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“Build First, Ask Permission Later” Not The Best Plan

Sometimes “act first, ask permission later” isn’t the best course of action, as evidenced by a recent Land Court decision concerning a change to a Gloucester multi-family home.

The entire factual history is set forth in detail in the Court’s decision in Gattineri v. McGeary, (Mass. Land Ct. Oct. 31, 2016), but can be summarized as follows.  Plaintiff Daniel Gattineri, both individually and in various business and trust capacities over the years, was involved in renovating an historic house in Gloucester that was converted to multi-family use pursuant to a special permit issued to the prior owner.  The special permit allowed for 4 units with a total of 7 bedrooms.  Gattineri eliminated the 4th unit, turned the remaining 3 units into a condominium, and purchased Unit 2, which had 2 bedrooms.  Despite the limitations set by the special permit, Gattineri enclosed the second-story porch off Unit 2, converting it to a third bedroom.  An interim building inspector told Gattineri that the conversion didn’t require an amendment to the special permit, but shortly after construction began, the new permanent building inspector advised Gattineri that he needed a modification of the special permit to allow the proposed third bedroom in Unit 2, and that any work undertaken was at Gattineri’s risk.  Nonetheless, Gattineri completed construction and began living in or renting Unit 2 without an occupancy permit, which the building inspector refused to issue.  Gattineri appealed this refusal, along with the denial of his requests for a modification of the special permit, to the Superior Court, which affirmed Gloucester’s position.  Gattineri further appealed, but never followed through, leaving the appeals in limbo.

Gattineri next appealed to the State Building Code Appeals Board (“SBCAB”), alleging that the building inspector never acted on his request for an occupancy permit.  The SBCAB ordered Gloucester to issue the occupancy permit, but upon appeal, the Superior Court annulled the SBCAB’s decision, which decision was later upheld by the Appeals Court.

Presumably in an attempt to resolve the issue once and for all, in 2015 Gattineri and Gloucester entered into an Agreement for Judgment in two of the Superior Court cases (notwithstanding the entry of judgment in 2006 and Gattineri’s failure to pursue the appeals).  Gattineri agreed to file an application to amend the special permit to allow the already-completed conversion of the open deck to a third bedroom in Unit 2.  If the amendment was approved, Gattineri would pay $40,000 to Gloucester in lieu of fines; if the amendment was not approved, Gattineri would file the necessary applications to demolish the bedroom and reconstruct the deck.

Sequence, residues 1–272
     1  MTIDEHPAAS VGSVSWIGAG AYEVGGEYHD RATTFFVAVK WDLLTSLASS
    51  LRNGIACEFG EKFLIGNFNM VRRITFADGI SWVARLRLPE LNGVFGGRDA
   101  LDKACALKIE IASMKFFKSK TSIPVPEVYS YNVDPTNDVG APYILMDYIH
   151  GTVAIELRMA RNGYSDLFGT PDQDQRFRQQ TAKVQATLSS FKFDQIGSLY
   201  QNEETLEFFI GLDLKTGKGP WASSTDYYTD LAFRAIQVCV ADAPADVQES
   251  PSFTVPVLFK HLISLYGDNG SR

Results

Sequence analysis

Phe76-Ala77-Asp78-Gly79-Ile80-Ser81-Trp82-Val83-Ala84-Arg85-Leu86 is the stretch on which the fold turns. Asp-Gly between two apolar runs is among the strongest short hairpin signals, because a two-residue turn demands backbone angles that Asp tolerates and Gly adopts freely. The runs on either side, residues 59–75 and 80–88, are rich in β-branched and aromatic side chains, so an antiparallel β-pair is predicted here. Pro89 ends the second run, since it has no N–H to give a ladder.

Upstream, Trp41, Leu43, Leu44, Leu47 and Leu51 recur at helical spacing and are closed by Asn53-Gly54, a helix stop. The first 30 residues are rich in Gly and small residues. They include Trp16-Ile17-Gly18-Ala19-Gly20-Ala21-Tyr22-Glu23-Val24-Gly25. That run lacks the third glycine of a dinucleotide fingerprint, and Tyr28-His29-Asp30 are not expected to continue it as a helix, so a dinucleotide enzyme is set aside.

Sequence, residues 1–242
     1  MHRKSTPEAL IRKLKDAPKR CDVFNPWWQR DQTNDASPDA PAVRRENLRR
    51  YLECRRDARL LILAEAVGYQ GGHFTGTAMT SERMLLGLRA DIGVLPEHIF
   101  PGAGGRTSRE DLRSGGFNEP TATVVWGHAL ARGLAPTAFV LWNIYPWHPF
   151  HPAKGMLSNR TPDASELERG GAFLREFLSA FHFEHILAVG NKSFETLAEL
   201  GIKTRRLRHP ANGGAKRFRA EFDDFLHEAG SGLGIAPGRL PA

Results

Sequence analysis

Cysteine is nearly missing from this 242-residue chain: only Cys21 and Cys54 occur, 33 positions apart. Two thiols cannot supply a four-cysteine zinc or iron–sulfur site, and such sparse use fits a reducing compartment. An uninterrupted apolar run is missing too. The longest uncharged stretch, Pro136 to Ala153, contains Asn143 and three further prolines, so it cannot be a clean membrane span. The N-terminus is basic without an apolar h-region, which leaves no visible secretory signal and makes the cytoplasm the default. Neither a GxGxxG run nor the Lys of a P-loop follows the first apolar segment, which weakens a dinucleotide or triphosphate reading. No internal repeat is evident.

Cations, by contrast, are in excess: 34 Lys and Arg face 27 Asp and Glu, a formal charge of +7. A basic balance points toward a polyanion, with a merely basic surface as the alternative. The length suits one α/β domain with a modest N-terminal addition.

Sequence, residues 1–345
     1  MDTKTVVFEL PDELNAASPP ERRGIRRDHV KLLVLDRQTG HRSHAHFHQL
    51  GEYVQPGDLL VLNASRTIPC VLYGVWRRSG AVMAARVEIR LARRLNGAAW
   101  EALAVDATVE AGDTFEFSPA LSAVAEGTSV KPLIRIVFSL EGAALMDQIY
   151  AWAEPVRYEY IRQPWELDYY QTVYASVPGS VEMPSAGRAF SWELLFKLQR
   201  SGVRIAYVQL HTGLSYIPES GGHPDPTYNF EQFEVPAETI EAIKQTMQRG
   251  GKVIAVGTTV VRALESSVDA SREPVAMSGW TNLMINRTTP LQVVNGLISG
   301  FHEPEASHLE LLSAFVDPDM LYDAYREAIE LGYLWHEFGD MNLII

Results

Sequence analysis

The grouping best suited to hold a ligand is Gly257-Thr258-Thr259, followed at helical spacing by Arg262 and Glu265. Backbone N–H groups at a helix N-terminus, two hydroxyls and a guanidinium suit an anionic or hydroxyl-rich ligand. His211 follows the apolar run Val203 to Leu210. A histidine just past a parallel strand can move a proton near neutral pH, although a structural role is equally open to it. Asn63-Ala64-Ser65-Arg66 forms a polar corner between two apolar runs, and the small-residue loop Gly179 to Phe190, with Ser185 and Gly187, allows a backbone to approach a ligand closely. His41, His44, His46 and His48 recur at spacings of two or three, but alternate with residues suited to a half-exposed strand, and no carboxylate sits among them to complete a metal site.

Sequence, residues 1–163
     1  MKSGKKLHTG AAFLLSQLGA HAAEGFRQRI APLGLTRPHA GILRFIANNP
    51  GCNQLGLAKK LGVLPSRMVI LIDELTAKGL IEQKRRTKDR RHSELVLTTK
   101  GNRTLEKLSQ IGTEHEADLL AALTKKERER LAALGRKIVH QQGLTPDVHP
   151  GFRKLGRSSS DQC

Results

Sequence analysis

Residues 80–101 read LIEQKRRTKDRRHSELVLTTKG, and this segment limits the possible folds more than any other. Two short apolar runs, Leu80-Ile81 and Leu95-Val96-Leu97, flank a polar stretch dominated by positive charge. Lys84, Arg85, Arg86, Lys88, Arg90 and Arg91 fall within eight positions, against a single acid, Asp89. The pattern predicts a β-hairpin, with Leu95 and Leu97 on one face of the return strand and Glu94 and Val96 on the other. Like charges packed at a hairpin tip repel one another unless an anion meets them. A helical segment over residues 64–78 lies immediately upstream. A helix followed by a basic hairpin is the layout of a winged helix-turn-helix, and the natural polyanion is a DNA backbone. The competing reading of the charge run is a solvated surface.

Gattineri filed his application to amend the special permit, but it was denied for lack of the requisite supermajority vote.  Rather than comply with the Agreement for Judgment and move forward with demolition, Gattineri appealed the denial to the Land Court.

The Land Court determined that Gloucester applied an appropriate standard for review of the request to amend the special permit, was not estopped from denying the amendment, did not single out Gattineri for harsher treatment than other residents of Gloucester, and that Gloucester reasonably concluded that it “anticipates no beneficial effect from granting the application. Far from comporting with the general purpose of the ordinance, the requested amendment would reward Gattineri for flouting the terms of the Special Permit. It would allow an undue intensification of use in an already crowded neighborhood.”  Cognizant of “the discretion afforded to a special permit granting authority to deny an application for a special permit even if the standards for granting the permit could be found to be met,” the Land Court upheld the denial of the modification of the special permit.

Whether this resolves the long-standing issue remains to be seen.  However, the case serves as a good reminder that though “[t]here is a school of thought that it is better to ask for forgiveness than for permission, . . . in order render such a practice even remotely viable, one must at least try to make it appear as if one is actually asking for forgiveness,” and that an approach that involves a “thirteen-year strategy of ignoring the lawful orders of the building inspector, occupying or renting a dwelling unit with no occupancy permit, and conducting dilatory litigation in Superior Court” is not the best way to proceed.